It should be noted that violence is not a private matter that should be left only to individuals to resolve, but a matter of human rights that states must uphold. Failure to provide basic necessities of life to the children as this time of crisis will be meant to social murder of those vulnerable children. The issue of violence against children in whatever manner it is perpetuated shall be treated as a chronic medico-social disease, exposure to which may lead to various short and long term health consequences, impacting children's overall health and well-being. This serious impact of childhood violence breeds fear violates the dignity and rights of children and robs them of the joys of childhood. Protecting children from violence must, therefore, be a priority for everyone, every child has a right to be protected from violence, the right given in Article 19 of the UN Convention on the Rights of the Child, an international agreement which most countries in the world including India have signed and committed themselves to fulfil.

Thus COVID-19 crisis is impacting children greatly, but we are unprepared and not taking the protection of children seriously enough as a society. The profound, lasting health impacts of trauma on children are poorly understood and often minimized. Though children may not be as susceptible to the virus as other groups, but they are especially vulnerable to so many of the secondary impacts of the pandemic on society. As this pandemic is making us rethink our humanity, none is more important, or urgent, than the overall protection of children. Therefore, the question we need to ask is – what government and society are doing to protect these vulnerable children from suffering harm amidst lockdown that will affect their health and well-being for the rest of their lives?


References –

· Daral, S., Khokhar, A., & Pradhan, S. (2016). Prevalence and Determinants of Child Maltreatment among School-Going Adolescent Girls in a Semi-Urban Area of Delhi, India. Journal of Tropical Pediatrics, 62(3), 227–240. https://doi.org/10.1093/tropej/fmv106

· India Today. (2020). Coronavirus : Take suo motu note of rise in child abuse. Retrieved from https://www.indiatoday.in/india/story/coronavirus-take-suo-motu-note-of-rise-in-child-abuse-cases-during-lockdown-lawyers-write-to-cji-1666149-2020-04-12

· Jangam, K., Muralidharan, K., Tansa, K. A., Aravind Raj, E., & Bhowmick, P. (2015). Incidence of Childhood Abuse among Women with Psychiatric Disorders Compared with Healthy Women: Data from a Tertiary Care Centre in India. Child Abuse and Neglect, 50, 67–75. https://doi.org/10.1016/j.chiabu.2015.05.017

· Kacker, L., Varadan, S., & Kumar, P. (2007). Study on Child Abuse : INDIA 2007. In Ministry of Women and Child Development, Government of India.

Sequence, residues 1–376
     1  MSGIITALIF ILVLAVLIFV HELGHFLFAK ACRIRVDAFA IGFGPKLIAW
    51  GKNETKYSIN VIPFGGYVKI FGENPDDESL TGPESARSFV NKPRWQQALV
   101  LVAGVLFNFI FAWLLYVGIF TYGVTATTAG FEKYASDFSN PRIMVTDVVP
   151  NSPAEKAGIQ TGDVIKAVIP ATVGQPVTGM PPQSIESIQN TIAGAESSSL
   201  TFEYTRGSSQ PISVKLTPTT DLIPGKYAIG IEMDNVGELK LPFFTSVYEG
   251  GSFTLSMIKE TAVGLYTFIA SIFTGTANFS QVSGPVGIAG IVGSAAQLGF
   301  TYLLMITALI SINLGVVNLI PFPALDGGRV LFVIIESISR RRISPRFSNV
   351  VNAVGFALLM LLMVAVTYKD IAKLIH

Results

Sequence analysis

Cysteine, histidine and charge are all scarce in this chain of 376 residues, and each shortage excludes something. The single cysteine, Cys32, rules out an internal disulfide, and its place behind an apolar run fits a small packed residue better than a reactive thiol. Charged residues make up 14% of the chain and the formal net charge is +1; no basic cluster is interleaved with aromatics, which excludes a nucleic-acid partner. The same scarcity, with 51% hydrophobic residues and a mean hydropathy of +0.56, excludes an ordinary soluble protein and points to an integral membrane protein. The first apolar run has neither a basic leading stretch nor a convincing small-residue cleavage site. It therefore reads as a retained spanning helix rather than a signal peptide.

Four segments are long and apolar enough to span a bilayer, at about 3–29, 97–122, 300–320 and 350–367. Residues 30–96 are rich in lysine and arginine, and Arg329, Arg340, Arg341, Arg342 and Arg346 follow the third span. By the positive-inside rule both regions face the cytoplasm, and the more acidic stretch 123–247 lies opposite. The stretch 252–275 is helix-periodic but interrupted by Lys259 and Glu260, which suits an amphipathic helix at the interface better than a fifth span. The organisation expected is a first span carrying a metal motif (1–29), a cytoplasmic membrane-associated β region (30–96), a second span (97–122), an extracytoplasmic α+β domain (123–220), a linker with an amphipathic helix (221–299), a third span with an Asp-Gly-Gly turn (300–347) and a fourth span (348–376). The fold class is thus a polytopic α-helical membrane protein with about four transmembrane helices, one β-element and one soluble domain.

· Koshish. (2018). Social Audit of Non-Government and Government Welfare Institutions. Mumbai.

· Krug, E. G., Mercy, J. A., Dahlberg, L. L., Zwi, A. B., & Lozano, R. (2002). The World Report on Violence and Health. In World Health Organization. Geneva.

· Kwast, E., & Laws, S. (2006). United Nations Secretary General’s study on Violence against Children adapted for Children and Young People. Retrieved from http://scholar.google.com/scholar?hl=en&btnG=Search&q=intitle:United+Nations+Secretary-General+’+s+Study+on+Violence+against+Children+Adapted+f+or+Children+and+Young+People#0

· Malpani, S., Arora, J., Diwaker, G., Kaleka, P. K., Parey, A., & Bontala, P. (2009). Child Abuse and Neglect : Do We Know Enough? A Cross- Sectional Study of Knowledge , Attitude , and Behavior of Dentists regarding Child Abuse and Neglect in Pune , India. The Journal of Contemporary Dental Practice, 18(2), 162–169.

· News 18. (2020). Video of Man and Dogs Sharing Spilt Milk on Agra Streets Reveals the Ugly Side of Lockdown. Retrieved from https://www.news18.com/news/buzz/video-of-man-and-dogs-sharing-spilt-milk-on-agra-streets-reveals-the-ugly-side-of-lockdown-2576355.html

· Segal, U. A., & Ashtekar, A. (1994). Detection of Intrafamilial Child Abuse : Children at Intake at A Children ’ s Observation Home in India. Child Abuse & Neglect, 18(11), 957–967.

· Singhi, P., Saini, A. G., & Malhi, P. (2013). Child Maltreatment in India. Paediatrics and International Child Health, 33(4), 292–300. https://doi.org/10.1179/2046905513Y.0000000099

· The Guardian. (2020). ‘Will we die of hunger?’: how Covid519 lockdowns imperil street children. Retrieved from https://www.theguardian.com/global-development/2020/apr/15/will-we-die-of-hunger-how-covid-19-lockdowns-imperil-street-children

· The Hindu. (2020). Coronavirus Lockdown | Govt. Helpline rRceives 92,000 Calls on child Abuse and Violence in 11 Days. Retrieved from https://www.thehindu.com/news/national/coronavirus-lockdown-govt-helpline-receives-92000-calls-on-child-abuse-and-violence-in-11-days/article31287468.ece

· The Indian Express. (2020). UP woman throws five children into Ganga after quarrel with husband. Retrieved from https://indianexpress.com/article/india/up-woman-throws-five-children-into-ganga-after-quarrel-with-husband-6359895/

· The New Indian Express. (2020). 11-year-old boy starves to death in Bihar amid coronavirus lockdown. Retrieved from https://www.newindianexpress.com/thesundaystandard/2020/mar/29/11-year-old-boy-starves-to-death-in-bihar-amid-coronavirus-lockdown-2122798.html

· The Wire. (2020). COVID-19 Lockdown : 8 Year Old Dies of Hunger as Family Struggles to Make Ends Meet. Retrieved from https://thewire.in/rights/bihar-starvation-deaths-lockdown

· Times of India. (2020a). Gurugram man sells phone to buy food for family, then hangs himself. Retrieved from https://m.timesofindia.com/city/gurgaon/gurugram-man-sells-phone-to-buy-food-for-kin-kills-self/amp_articleshow/75212381.cms

· Times of India. (2020b). ICPF report warns of sharp rise in demand for online child pornography during lockdown. Retrieved from https://timesofindia.indiatimes.com/india/icpf-report-warns-of-sharp-rise-in-demand-for-online-child-pornography-during-lockdown/articleshow/75127399.cms

· Un News. (2020). Children vulnerable to abuse and violence during coronavirus lockdowns, UN experts warn. Retrieved from https://news.un.org/en/story/2020/04/1061282

· World Health Organisation. (1999). Report of the Consultation on Child Abuse Prevention. Geneva.